I woke up with a demon’s claws in my eyes and neck this morning.

It was the kind of neck pain that makes you go all bleary eyed as your dead relatives beckon you from the end of a bright white hallway. For me, it was just an ickier than usual one of my morning pains that awakens me like a spasmodic rooster crow whose vocal cords are my nociceptors. But when I settled into my laptop and started clicking things that seem to be trending for no reason (like hangover cures- ah, nevermind. I forgot it was Saturday. Moving on…), I realized how much better a pain-gover is than the hangovers I used to get in the old days. I mean, at least I can do some stretches and have some coffee without puking.

But I feel for these poor bastards, having been there and back myself.

Especially the ones drinking to sadness – not celebration.


The only alcohol I use now is the one with which I wash my hands of that life.

However, in the spirit of keeping my torrid past relache with spirits close at hand to remind me of one of the many reasons I don’t drink anymore, I decided to peruse the booze cures to see how retro-me measured up to the suggestions and pass ’em on to readers who do know how to handle a handle. Admittedly, when I was in the thick of my liver destruction endeavors, the only thing on my mind the morning after was a series of blood vessels all beating with their own agonizing pulse – which left little room for thoughts like “let’s go research remedies via the retinal burning glare of a computer screen whose sea-sickening lines of letters and words will only motivate a vertigo induced vomiting sesh”.

“Get off me. I’ll feed you breakfast in eight hours… when I have mine.”

So if I could get in my martini shaped time machine and revisit college and California me one migraine-y morning, what would I offer? Aside from the gift of a “WRONG WAY” sign and the best Sapphic experience of our lives? Well, according to the interwebz, the best post liquor go-to tip IS (…are you ready for it?):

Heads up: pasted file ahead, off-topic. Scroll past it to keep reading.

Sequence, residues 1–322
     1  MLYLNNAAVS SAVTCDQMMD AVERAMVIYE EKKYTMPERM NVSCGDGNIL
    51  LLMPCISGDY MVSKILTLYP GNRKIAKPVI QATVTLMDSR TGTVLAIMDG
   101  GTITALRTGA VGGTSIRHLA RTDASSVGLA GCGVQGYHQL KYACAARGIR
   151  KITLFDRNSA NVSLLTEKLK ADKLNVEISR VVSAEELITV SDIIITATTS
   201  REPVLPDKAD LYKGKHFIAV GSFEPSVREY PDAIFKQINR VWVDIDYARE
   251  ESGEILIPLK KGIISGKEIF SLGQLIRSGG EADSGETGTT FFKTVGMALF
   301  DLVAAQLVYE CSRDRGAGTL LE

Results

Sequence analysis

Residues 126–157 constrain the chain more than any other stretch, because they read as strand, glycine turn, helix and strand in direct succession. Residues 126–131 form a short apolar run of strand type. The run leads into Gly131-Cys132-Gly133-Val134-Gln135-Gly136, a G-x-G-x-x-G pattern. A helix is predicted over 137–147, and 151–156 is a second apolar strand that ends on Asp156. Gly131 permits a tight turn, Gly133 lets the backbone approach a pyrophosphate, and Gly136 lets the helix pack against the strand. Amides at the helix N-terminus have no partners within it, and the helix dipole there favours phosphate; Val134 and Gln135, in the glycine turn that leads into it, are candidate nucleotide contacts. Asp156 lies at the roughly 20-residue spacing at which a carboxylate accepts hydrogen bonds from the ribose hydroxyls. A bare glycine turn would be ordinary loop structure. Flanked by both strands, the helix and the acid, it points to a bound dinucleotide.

Motrin and aspirin.

Wait…what? I feel like I was doing that already. But then again when I really think of it, probably not. Why reach for a horse pill that only slightly dampens the feeling of my brain being strangled by my own skull when a nice tiny pass-the-fck-out tranqulizer can address it more quickly? Made sense at the time. For those who are a bit more rational than I was in these moments, the science idea behind it is that there’s an inflammatory response happening come sunrise.

So what better, easier way to nix it than with ibuprofen and headache meds?


Yeah, like Audrey here, my after-the-after-party care package generally contained coffee and starchy carbs, too. And orange juice. And 5million milligram sodium soup. And valium. And – on special occasions – an actual shower when my own fetid stench finally became unbearable enough to motivate me to wash my bile styled tresses crusted into Something About Mary spears.

But I’m glad I read this.

It’s brilliant synchronicity from the internet Olympus deities themselves.

‘cause when I woke up with this cervical headache, I half thought about choking it out and taking me down with it via the noose and rafters I don’t have but sound good as a dramatic hypothetical. But now, after reading about people trying to cure themselves for something that was totally preventable in the first place, I feel kinda lucky. Sure, some people get the occasional remorseful mornings once every half a year because they wanted to keep up with their friends they haven’t seen since college who flew all the way in from I’ve-only-been-married-a-year-and-already-regretting-it-ville. And that’s totes normal. But for those who repeatedly do it like I used to might as well just skip the drinking part and crash a cabernet bottle over their cranium every evening like a boat christening on a bon voyage down a life vortex. I may still spend half my life in inner pain and outer pain.

But when I head to sleep tonight, I can be comforted in knowing one thing.

At least my current cure doesn’t need a cure when morning comes.


Don’t worry, my bish.

It gets better.